Tag: crisis management


The Power and Powerless-ness of Automating Your Social Media

The plans for the day were simple. A short run, a business lunch, and then I had meant to write-up my wrap up from the #SCAA2013 event, how everyone had used social, what the trends were, who were doing it best, and what were examples of ways that businesses could have used it better. However, in the middle of my business meeting, plans changed. Social media today means that we are connected globally in a way that we never were in the past.  My colleague and I began getting a barrage of text messages and Twitter alerts, and that was when we heard what had just happened. Our meeting stopped.

The thing with business is this, it takes over our lives. The need to be everything to everyone requires we stay plugged in 24/7, because in the world of social media, out of sight means out of mind, however, many of us know a little trick in the industry is to automate some of our tweets and posts. Pre-schedule them out, so that even when you are on vacation, or sick in bed, you still appear present and relevant. Because that is what we are afraid of, isn’t it? That we might lose our relevance or status?

While on one hand, social media creates a more global connection, a more macroclimate of human relationships and shared experiences, it also can and has created a disconnect by shifting the focus from the real purpose of engaging, to creating a culture of robotic automated handshaking and waving across the Twitter-verse. It may seem harmless, and generally it is, but this desire to be everything to everyone at all times in order to remain relevant and “influential” can make anyone look foolish when in the wake of a global incident, yours is the only account that is mindlessly remaining on automated script.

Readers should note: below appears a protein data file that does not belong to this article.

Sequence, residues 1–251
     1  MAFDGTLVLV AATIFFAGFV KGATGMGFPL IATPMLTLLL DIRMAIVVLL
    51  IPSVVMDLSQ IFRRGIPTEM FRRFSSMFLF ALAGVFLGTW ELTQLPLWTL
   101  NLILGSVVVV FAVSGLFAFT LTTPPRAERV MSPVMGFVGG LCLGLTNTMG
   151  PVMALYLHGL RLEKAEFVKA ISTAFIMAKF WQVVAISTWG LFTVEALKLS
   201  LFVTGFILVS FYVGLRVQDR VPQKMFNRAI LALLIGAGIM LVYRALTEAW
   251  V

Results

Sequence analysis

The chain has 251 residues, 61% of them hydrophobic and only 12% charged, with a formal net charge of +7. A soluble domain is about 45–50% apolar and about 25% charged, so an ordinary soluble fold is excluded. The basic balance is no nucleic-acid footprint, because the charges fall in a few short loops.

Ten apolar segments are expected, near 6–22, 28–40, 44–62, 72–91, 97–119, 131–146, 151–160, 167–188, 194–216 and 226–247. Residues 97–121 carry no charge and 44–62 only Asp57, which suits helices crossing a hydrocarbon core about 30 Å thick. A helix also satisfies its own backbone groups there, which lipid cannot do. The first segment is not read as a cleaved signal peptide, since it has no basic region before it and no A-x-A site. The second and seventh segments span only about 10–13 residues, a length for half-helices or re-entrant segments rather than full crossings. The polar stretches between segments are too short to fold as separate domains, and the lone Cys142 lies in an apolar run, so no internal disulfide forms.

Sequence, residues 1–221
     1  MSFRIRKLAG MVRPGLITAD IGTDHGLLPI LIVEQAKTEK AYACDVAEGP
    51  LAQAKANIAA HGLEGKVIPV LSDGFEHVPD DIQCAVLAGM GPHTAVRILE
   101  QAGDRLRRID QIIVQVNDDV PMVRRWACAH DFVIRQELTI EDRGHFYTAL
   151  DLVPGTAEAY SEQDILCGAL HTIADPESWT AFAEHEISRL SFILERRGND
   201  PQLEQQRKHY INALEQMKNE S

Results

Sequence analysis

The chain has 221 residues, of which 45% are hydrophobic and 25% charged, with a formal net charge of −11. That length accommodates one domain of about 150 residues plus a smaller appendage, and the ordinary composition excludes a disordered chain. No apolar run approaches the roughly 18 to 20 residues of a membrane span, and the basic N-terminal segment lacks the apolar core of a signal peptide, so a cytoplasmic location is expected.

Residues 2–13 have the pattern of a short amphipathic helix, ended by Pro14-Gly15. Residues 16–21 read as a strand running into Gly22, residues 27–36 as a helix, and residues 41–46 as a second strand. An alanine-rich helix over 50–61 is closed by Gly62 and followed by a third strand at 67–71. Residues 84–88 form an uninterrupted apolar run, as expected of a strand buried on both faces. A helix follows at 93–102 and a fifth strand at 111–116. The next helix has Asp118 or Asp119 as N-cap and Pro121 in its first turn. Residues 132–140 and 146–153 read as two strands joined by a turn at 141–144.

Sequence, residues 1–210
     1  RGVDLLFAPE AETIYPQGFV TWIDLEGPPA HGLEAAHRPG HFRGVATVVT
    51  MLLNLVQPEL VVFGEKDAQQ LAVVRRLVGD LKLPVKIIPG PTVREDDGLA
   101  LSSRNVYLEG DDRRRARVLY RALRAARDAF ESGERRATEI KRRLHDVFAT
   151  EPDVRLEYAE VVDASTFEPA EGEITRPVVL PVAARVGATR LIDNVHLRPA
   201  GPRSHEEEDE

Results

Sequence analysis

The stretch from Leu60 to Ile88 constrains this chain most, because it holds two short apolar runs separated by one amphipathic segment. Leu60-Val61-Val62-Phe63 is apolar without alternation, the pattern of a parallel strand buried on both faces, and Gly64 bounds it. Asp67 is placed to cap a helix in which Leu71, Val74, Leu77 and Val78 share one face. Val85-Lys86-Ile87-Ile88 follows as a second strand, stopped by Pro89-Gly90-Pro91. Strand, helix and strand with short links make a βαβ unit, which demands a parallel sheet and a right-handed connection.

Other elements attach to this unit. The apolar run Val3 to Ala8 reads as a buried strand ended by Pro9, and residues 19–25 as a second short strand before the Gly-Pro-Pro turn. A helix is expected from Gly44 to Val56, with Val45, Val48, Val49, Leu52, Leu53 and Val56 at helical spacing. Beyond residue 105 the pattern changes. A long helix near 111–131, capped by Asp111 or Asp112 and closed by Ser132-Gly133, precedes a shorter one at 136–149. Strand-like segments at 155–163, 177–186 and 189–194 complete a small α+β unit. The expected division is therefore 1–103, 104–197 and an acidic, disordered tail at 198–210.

So, is all automation bad?

No, in fact, automation in general is not bad. The problem is that automation is meant to be supplemental. It is not, nor should it ever be, the main manner in which a person, small business, or brand, engages. Why? Because it ISN’T engaging. There is nothing engaging about having someone talk AT you, which is what a heavily automated feed does. It is no longer about me, or you, the followers, or how we interrelate with that particular account holder.

Have you ever sent a tweet to a brand after a distressing experience, and the brand appears to be on-line, well, they have been sending out messages every few hours at least, and yet… your message never gets responded to, or it gets responded to hours or days later, even though they have continued to tweet from that account at a steady pace in between. This doesn’t make you feel great, in fact, you may feel less engaged with the brand and the user now, as if you texted them or called them and after asking them to call you back, they ignored you.

Why, When & How To Automate:

Why? You are busy. We are all busy. You are trying to build that following and reach those people, only your kid needs to get picked up from soccer practice and you have to hit the grocery store, grab dinner, the dry cleaning, your wife calls and she needs something from the pharmacy… and so it goes. We get it. We really do. So, many of us, myself included, plug in some pre-scheduled tweets here and there, especially on weeks when we know it’s gonna be extra busy. Yet, we have created this idea ourselves, this demand. No where does it say that you need to tweet every hour of the day no matter what. In fact, you shouldn’t do that at all. It dilutes your message, is a waste of energy & time (yours & mine), and it overpowers my feed. There is a line between being present and being overbearing in your presence.

When? Not all the time. Not as the modus operandi. Only as supplementation.

  • You see some really interesting studies or the coolest geeked out [fill in with your particular pet passion], but it’s 5 AM and you are only awake because of too much coffee the night before.